The Ulster-Scots Language Society, formed to promote the Ulster-Scots language, our own hamely tongue

Golf in Ulster

Golf (gowf or goff in Scots) is probably the best-known Scottish traditional sport, now enjoyed by millions throughout the world. There are records of it being played in Scotland since 1457, although most of these documents refer to the breaking of the Sabbath by playing at 'the gowf on Sundays (a clash of two Scottish traditions which we are still aware of today).

Until the Honourable Company of Edinburgh Golfers was established in 1744, and the Royal and Ancient Club of St Andrews in 1754, the traditional game involved hitting for distance, usually along the back of coastal sand-dunes called links. The oldest surviving golf club was founded by James I (of England and Scotland) in 1608 at Blackheath. James I was the monarch who initiated the Ulster Plantation, and during his reign gowf or goff was played by all classes in Scotland.

In Ulster at this time, one of James I.'s most important Plantation landlords was Hugh Montgomery of Newtownards. When Sir Hugh built a 'great school' at Newton in County Down, about 1630, he allowed the scholars a 'green for recreation at goff, football and archery'. Over 150 years later, in the 1780s, Sir Hugh's successor as landlord of the extensive Ards estates was Robert Stewart, Lord Castlereagh. Castlereagh was of Donegal Scottish plantation stock, and in setting out the 'Mountstewart' demesne for his new house near Greyabbey, he landscaped an area for playing golf. A portrait of Lord Castlereagh survives at Mountstewart, probably from about 1790, showing him standing with a golf club. Beside him is a golf ball on the ground. This is certainly the earliest illustration of anyone in Ulster actually playing golf.

Given the Scottish origins of the sport, it is not surprising that some of the words associated with the sport are rooted in the Scots language too.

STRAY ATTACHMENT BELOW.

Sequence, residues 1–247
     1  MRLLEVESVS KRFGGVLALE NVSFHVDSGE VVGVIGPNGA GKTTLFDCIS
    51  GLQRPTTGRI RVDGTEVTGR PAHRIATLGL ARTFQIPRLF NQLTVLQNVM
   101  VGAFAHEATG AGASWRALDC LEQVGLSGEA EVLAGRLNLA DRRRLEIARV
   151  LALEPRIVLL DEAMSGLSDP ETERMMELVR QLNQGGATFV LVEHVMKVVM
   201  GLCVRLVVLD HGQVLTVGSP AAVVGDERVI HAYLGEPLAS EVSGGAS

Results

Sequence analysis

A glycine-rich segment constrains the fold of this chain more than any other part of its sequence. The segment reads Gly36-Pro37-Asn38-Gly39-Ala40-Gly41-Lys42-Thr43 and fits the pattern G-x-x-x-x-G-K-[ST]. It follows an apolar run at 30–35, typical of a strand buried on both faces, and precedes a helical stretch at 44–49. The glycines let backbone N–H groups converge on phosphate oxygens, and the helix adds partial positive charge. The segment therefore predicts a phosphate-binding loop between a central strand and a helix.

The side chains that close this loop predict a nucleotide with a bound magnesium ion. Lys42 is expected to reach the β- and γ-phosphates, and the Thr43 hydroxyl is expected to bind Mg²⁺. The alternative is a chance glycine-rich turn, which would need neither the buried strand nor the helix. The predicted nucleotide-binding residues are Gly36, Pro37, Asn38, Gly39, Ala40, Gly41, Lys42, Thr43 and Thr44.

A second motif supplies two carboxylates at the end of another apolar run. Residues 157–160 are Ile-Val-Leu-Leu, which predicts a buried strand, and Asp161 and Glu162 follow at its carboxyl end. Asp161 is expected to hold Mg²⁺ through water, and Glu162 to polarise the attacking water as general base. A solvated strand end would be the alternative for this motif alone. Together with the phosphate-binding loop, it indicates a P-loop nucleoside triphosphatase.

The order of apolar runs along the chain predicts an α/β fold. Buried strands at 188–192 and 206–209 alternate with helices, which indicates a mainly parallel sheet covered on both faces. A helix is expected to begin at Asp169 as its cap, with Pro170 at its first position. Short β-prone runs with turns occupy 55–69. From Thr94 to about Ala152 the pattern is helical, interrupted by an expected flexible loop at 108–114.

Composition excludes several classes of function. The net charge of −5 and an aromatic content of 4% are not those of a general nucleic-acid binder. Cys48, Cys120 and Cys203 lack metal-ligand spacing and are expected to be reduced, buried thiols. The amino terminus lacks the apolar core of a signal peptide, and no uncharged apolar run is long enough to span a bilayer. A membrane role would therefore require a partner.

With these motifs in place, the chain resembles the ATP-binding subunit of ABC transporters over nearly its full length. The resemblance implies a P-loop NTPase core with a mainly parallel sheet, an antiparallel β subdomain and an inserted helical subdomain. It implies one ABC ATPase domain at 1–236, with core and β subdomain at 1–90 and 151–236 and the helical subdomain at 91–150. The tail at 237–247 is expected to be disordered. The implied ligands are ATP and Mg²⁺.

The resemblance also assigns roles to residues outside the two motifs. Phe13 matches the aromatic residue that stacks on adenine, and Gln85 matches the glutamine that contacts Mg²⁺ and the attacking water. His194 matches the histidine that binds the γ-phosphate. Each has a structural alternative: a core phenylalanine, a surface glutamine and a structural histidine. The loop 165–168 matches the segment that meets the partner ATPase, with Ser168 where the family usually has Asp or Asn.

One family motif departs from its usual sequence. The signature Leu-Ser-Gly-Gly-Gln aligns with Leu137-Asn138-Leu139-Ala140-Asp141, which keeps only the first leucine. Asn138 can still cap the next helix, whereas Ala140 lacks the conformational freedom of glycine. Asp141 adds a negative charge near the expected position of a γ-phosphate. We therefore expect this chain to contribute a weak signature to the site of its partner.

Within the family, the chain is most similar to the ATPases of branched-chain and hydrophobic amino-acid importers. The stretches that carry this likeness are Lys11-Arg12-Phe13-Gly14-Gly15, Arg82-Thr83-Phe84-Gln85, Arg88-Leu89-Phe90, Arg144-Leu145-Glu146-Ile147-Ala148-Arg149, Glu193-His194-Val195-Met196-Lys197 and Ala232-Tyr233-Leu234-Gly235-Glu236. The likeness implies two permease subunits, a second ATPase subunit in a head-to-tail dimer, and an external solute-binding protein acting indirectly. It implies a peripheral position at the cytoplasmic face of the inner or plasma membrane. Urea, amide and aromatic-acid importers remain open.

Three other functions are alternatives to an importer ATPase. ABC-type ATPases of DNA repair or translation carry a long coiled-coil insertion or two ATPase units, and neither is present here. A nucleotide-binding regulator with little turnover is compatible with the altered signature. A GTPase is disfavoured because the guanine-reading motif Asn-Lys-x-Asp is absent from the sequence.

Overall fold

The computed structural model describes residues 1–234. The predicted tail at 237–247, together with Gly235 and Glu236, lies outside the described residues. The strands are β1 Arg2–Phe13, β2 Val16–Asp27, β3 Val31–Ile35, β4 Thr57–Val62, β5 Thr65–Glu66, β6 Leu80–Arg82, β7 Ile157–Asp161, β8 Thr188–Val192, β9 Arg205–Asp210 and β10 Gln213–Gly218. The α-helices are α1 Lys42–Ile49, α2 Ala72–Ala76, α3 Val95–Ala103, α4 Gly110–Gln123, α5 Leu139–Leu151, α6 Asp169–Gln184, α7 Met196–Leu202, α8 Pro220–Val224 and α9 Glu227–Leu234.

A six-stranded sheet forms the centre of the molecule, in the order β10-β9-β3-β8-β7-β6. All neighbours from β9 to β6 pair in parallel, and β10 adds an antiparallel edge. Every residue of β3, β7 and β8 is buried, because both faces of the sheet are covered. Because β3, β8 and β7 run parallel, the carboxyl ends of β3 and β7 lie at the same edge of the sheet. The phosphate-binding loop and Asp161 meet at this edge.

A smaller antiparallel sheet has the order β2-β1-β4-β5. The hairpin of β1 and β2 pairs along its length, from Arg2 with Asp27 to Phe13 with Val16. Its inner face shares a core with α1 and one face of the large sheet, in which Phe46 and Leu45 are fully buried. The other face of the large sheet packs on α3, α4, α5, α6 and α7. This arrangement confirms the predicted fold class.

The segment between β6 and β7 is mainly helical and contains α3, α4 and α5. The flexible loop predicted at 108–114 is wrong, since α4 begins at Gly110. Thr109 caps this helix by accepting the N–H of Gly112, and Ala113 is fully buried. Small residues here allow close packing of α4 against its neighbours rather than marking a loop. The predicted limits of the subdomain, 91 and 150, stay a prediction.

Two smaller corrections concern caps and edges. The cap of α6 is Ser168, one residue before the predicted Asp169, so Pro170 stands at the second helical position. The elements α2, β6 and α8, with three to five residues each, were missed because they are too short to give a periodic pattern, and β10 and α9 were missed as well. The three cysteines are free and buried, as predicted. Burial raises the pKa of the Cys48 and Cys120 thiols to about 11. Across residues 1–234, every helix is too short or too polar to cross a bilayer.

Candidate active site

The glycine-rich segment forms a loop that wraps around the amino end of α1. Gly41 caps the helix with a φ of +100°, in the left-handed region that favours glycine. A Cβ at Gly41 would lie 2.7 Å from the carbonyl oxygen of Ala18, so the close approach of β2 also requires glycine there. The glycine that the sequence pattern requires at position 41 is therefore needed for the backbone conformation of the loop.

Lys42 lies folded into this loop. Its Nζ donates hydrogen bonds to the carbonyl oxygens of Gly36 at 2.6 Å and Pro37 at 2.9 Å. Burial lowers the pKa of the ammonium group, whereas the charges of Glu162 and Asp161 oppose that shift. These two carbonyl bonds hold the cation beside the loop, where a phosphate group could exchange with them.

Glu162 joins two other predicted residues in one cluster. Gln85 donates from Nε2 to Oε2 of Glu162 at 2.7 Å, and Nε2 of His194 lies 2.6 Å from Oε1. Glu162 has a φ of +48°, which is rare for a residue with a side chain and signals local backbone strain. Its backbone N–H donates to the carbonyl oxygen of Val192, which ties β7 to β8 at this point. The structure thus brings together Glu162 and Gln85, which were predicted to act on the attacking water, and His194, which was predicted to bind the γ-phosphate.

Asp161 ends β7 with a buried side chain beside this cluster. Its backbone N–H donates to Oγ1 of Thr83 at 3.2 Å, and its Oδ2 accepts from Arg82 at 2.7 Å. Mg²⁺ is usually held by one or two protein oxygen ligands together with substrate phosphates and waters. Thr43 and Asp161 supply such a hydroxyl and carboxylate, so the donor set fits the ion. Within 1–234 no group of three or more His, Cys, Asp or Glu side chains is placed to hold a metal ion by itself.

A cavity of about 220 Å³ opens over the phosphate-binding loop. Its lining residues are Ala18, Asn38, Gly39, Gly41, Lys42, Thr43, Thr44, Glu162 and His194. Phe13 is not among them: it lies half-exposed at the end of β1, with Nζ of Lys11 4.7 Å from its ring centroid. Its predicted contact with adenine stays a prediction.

In the Dictionary of the Older Scottish Tongue, the words linkis, lynkis, lincks etc are defined as 'a stretch of comparatively level or gently undulating open, sandy ground having turf, bent-grass or gorse growing on it, normally near the sea-shore and commonly including sand-dunes'. The term often appears in place names, such as 'le lynkis de Leith' in 1453. Links were used for grazing, for maintaining rabbit warrens, for musters and for sports, including golf. In the Scottish National Dictionary (which covers the use of Scots words after 1700), the definition of links is:

The sandy undulating ground, generally covered with turf, bent grass, gorse, etc, which is freq. found near the sea-shore on a flat part of the coast, and is often common ground belonging to the nearest town. General Scots. Very common as a place-name associated with most sea-side burghs in Scotland.

The specific meaning of links as 'a golf-course' on such terrain goes back in Scots to 1728 with Allan Ramsay's Poems:

Then on the Links, or in the Estler Walls,
He drives the Gowff, or strikes the Tennis Balls.


In the Scottish National Dictionary, a tee is 'the small heap of sand or earth from which the ball is driven at the start of each hole'. Again, from Ramsay's Poems, we find in 1721: